For example, referring back to FIG. 1, if a programmable delay were only present on the 2x_MCLK_CLK domain, such as programmable delay 112, and no programmable delay were present on the Phase Synchronization Load Signal 116 control path, i.e., programmable delay 110 is removed, the synchronous communication between the two domains will only work up to the point that the skew of the 2x_MCLK_CLK does not exceed the “hold” time guaranteed by the output of the FF 102 on the 1x_CLK domain. By inserting an equivalent delay on the control path via the programmable delay 110, however, the “relative” timing for the control path from the 1x_CLK domain to the logic clocked by the 2x_MCLK_CLK domain remains constant, even as the relationship between the domains is varied (increased or decreased) by the programmable delay.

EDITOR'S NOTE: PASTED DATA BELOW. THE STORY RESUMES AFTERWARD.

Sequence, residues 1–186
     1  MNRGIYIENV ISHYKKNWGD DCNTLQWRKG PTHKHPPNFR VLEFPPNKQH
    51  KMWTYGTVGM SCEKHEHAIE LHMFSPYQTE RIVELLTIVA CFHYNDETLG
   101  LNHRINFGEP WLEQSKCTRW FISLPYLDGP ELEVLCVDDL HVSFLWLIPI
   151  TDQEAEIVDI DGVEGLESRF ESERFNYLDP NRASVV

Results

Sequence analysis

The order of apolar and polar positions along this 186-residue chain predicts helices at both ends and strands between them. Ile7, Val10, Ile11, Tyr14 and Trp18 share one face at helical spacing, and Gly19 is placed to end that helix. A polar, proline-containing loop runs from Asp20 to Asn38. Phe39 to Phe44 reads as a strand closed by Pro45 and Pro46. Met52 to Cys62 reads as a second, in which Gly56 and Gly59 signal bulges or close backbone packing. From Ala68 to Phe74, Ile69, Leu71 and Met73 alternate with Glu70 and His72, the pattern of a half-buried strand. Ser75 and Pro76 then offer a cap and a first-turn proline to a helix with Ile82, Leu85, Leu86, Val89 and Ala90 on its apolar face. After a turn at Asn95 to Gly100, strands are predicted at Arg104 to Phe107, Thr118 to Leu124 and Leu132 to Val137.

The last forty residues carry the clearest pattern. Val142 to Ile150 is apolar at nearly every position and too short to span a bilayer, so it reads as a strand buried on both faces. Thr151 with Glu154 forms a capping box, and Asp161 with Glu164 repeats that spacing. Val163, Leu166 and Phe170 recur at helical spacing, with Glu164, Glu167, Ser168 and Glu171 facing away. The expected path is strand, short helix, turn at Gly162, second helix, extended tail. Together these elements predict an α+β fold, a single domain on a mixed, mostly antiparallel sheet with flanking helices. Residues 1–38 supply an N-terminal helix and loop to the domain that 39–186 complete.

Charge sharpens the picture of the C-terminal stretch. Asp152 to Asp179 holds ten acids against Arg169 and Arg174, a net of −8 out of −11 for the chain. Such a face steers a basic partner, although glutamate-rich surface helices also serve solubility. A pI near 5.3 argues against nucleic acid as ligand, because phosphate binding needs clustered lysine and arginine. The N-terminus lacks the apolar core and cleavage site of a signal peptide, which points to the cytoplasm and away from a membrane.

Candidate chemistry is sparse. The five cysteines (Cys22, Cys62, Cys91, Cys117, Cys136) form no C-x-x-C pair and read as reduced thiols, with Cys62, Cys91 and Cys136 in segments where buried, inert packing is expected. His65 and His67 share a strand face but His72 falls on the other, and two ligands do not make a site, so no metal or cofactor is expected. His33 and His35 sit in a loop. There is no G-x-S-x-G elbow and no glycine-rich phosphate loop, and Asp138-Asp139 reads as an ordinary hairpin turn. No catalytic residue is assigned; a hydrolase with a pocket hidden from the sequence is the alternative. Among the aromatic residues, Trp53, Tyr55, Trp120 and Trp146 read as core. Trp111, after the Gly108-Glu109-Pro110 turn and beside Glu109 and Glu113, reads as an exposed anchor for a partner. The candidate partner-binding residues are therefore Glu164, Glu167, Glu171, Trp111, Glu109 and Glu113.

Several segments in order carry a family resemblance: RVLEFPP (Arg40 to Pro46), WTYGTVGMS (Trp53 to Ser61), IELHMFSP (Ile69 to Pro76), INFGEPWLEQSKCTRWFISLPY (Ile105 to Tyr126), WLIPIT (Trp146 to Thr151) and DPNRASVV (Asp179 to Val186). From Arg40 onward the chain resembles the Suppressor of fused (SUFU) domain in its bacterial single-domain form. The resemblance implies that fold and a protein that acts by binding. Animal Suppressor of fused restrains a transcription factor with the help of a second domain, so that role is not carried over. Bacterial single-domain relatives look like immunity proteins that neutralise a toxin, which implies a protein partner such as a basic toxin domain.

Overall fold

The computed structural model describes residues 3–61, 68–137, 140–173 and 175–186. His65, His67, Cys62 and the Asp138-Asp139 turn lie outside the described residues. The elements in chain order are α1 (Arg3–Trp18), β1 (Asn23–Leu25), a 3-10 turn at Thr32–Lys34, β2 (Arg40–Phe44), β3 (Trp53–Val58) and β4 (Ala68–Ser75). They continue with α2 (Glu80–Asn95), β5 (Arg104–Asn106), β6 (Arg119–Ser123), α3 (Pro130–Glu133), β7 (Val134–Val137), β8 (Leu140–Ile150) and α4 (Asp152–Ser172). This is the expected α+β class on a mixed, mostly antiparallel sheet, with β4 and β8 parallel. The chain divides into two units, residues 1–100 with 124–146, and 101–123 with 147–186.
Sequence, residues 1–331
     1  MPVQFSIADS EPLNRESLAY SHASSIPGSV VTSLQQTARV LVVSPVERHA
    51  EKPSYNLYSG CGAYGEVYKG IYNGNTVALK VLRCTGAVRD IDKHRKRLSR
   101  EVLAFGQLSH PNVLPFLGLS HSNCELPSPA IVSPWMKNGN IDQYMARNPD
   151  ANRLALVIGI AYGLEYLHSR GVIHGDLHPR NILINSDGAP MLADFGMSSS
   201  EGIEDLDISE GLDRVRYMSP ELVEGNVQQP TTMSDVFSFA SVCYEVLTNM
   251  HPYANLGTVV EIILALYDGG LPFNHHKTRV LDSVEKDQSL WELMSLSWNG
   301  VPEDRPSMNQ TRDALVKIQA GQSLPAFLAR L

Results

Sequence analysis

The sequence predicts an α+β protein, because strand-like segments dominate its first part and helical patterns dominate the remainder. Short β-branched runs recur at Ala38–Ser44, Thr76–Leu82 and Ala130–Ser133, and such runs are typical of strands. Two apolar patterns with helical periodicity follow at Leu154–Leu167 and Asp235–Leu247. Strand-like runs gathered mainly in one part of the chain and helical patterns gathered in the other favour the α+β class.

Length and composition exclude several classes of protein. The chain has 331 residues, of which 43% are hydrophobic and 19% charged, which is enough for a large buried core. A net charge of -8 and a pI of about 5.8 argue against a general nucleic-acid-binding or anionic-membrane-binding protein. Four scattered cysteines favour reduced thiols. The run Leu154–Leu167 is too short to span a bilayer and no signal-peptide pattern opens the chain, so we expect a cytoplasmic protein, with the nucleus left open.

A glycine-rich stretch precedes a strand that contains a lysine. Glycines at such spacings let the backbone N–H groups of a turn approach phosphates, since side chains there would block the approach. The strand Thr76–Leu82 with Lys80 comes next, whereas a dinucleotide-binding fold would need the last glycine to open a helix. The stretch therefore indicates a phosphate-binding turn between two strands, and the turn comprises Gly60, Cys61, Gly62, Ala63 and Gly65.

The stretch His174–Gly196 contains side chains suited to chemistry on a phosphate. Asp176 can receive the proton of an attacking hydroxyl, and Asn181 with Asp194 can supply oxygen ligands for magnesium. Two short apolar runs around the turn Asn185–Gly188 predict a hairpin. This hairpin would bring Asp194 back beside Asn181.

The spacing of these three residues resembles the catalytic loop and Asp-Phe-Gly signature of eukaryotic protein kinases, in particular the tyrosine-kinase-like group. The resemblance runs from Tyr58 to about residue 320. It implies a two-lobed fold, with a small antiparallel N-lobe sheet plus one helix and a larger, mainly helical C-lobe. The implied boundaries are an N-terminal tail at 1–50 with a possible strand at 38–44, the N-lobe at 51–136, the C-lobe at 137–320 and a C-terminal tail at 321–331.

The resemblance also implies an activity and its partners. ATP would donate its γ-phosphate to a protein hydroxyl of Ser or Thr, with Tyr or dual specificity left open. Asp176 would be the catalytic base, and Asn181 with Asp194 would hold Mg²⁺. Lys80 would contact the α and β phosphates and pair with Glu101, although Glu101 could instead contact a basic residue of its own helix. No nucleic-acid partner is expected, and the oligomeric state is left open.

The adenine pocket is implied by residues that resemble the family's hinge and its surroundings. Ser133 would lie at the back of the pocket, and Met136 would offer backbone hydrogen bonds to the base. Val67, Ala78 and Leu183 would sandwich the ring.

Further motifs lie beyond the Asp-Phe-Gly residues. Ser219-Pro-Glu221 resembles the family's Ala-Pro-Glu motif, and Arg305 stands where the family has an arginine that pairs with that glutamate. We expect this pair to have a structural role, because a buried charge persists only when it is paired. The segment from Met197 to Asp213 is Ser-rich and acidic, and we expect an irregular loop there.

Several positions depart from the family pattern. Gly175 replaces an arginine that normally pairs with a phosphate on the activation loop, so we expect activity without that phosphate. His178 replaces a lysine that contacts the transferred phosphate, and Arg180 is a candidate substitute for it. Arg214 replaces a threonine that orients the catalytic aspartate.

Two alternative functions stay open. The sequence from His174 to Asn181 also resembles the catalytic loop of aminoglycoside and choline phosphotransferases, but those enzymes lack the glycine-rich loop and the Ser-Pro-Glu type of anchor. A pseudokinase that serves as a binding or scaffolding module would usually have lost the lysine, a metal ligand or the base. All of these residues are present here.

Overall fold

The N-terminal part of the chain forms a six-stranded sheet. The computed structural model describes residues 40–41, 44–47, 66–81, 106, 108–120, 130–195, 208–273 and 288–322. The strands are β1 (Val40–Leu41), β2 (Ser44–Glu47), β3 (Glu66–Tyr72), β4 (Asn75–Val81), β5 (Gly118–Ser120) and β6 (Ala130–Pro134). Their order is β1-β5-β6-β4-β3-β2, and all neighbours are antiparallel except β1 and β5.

As one skilled in the art will appreciate, the addition of the programmable delay enables a tuning capability that is independent of any aspect of the implementation, such as the frequency, frequency relationship, and the like. Furthermore, the disclosed invention provides the ability to generate and adjust the arrival of any signal on a “variable” clock domain relative to a fixed clock domain without the need for more complex/sophisticated clock domain synchronization logic.

It will be understood from the foregoing description that various modifications and changes may be made in the preferred embodiment of the present invention without departing from its true spirit. It is intended that this description is for purposes of illustration only and should not be construed in a limiting sense. The scope of this invention should be limited only by the language of the following claims.